A Pattern in the Rings<p>The <a href="https://www.encyclopedia.com/science/dictionaries-thesauruses-pictures-and-press-releases/coppice-standards-0" target="_blank">coppice-with-standards</a> management practice produces a two-story forest, said <a href="https://www.researchgate.net/profile/Bernhard_Muigg" target="_blank">Bernhard Muigg</a>, a dendrochronologist at the University of Freiburg in Germany. "You have an upper story of single trees that are allowed to grow for several understory generations."</p><p>That arrangement imprints a characteristic tree ring pattern in a forest's upper story trees (the "standards"): thick rings indicative of heavy growth, which show up at regular intervals as the surrounding smaller trees are cut down. "The trees are growing faster," said Muigg. "You can really see it with your naked eye."</p><p>Muigg and his collaborators characterized that <a href="https://ltrr.arizona.edu/about/treerings" target="_blank">dendrochronological pattern</a> in 161 oak trees growing in central Germany, one of the few remaining sites in Europe with actively managed coppice-with-standards forests. They found up to nine cycles of heavy growth in the trees, the oldest of which was planted in 1761. The researchers then turned to a historical data set — more than 2,000 oak <a href="https://eos.org/articles/podcast-discovering-europes-history-through-its-timbers" target="_blank" rel="noopener noreferrer">timbers from buildings and archaeological sites</a> in Germany and France dating from between 300 and 2015 — to look for a similar pattern.</p>
A Gap of 500 Years<p>The team found wood with the characteristic coppice-with-standards tree ring pattern dating to as early as the 6th century. That was a surprise, Muigg and his colleagues concluded, because the first mention of this forest management practice in historical documents occurred only roughly 500 years later, in the 13th century.</p><p>It's probable that forest management practices were not well documented prior to the High Middle Ages (1000–1250), the researchers suggested. "Forests are mainly mentioned in the context of royal hunting interests or donations," said Muigg. Dendrochronological studies are particularly important because they can reveal information not captured by a sparse historical record, he added.</p><p>These results were <a href="https://www.nature.com/articles/s41598-020-78933-8" target="_blank">published in December in <em>Scientific Reports</em></a>.</p><p>"It's nice to see the longevity and the history of coppice-with-standards," said <a href="https://www.teagasc.ie/contact/staff-directory/s/ian-short/" target="_blank">Ian Short</a>, a forestry researcher at Teagasc, the Agriculture and Food Development Authority in Ireland, not involved in the research. This technique is valuable because it promotes conservation and habitat biodiversity, Short said. "In the next 10 or 20 years, I think we'll see more coppice-with-standards coming back into production."</p><p>In the future, Muigg and his collaborators hope to analyze a larger sample of historic timbers to trace how the coppice-with-standards practice spread throughout Europe. It will be interesting to understand where this technique originated and how it propagated, said Muigg, and there are plenty of old pieces of wood waiting to be analyzed. "There [are] tons of dendrochronological data."</p><p><em><a href="mailto:firstname.lastname@example.org" target="_blank" rel="noopener noreferrer">Katherine Kornei</a> is a freelance science journalist covering Earth and space science. Her bylines frequently appear in Eos, Science, and The New York Times. Katherine holds a Ph.D. in astronomy from the University of California, Los Angeles.</em></p><p><em>This story originally appeared in <a href="https://eos.org/articles/tree-rings-reveal-how-ancient-forests-were-managed" target="_blank">Eos</a></em> <em>and is republished here as part of Covering Climate Now, a global journalism collaboration strengthening coverage of the climate story.</em></p>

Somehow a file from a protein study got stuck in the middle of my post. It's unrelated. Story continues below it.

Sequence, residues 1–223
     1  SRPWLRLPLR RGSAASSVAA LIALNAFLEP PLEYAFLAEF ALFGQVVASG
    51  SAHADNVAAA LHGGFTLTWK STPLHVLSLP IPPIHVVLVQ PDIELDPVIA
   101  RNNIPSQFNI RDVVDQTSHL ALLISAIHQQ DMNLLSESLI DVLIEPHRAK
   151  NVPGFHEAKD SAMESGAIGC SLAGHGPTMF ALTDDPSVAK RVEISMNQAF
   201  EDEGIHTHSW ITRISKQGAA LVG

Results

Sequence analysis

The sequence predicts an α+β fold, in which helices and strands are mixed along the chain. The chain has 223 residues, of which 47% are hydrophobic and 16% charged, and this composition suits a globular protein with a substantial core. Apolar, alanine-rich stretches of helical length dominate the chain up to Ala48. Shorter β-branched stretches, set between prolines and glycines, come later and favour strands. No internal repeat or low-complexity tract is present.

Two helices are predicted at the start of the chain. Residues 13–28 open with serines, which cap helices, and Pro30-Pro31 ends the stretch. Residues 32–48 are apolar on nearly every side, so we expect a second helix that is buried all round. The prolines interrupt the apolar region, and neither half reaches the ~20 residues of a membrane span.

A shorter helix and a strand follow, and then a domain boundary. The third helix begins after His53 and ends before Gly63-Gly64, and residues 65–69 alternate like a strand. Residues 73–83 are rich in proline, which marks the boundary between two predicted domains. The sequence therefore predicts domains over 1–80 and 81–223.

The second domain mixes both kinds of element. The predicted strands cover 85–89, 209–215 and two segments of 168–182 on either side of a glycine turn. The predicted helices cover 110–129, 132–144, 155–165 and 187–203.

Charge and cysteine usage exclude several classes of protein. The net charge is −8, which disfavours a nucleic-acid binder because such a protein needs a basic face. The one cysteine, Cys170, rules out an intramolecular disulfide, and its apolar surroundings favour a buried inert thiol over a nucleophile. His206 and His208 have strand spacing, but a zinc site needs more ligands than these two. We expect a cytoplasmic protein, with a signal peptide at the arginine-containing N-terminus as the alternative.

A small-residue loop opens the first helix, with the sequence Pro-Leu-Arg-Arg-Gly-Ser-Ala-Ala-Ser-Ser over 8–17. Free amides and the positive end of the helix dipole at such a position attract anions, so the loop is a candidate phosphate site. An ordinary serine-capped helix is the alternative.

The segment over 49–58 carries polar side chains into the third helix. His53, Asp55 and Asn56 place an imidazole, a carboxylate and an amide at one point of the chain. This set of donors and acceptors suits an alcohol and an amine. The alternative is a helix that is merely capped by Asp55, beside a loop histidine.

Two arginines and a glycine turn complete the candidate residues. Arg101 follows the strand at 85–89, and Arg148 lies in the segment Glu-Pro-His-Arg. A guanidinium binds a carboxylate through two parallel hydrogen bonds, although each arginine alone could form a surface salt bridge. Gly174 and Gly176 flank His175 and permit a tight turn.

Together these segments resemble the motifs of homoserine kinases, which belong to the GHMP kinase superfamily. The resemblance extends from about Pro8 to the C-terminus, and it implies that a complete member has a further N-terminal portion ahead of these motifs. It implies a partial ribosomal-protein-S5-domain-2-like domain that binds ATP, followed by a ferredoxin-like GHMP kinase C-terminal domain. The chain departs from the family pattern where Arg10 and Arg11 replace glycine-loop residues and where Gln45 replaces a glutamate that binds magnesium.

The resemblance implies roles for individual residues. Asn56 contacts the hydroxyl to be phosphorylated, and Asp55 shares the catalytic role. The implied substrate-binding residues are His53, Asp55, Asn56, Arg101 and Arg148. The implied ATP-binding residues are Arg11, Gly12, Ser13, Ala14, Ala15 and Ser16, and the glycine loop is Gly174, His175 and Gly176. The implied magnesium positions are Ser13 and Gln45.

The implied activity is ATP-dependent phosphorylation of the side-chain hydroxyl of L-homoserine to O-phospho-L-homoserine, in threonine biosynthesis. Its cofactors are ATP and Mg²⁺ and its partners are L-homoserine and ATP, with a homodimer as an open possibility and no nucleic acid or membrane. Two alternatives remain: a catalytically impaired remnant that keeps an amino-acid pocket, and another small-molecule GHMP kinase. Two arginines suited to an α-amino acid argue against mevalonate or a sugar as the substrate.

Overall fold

Earth's ice is melting 57 percent faster than in the 1990s and the world has lost more than 28 trillion tons of ice since 1994, research published Monday in The Cryosphere shows.
By Jewel Fraser
Noreen Nunez lives in a middle-class neighborhood that rises up a hillside in Trinidad's Tunapuna-Piarco region.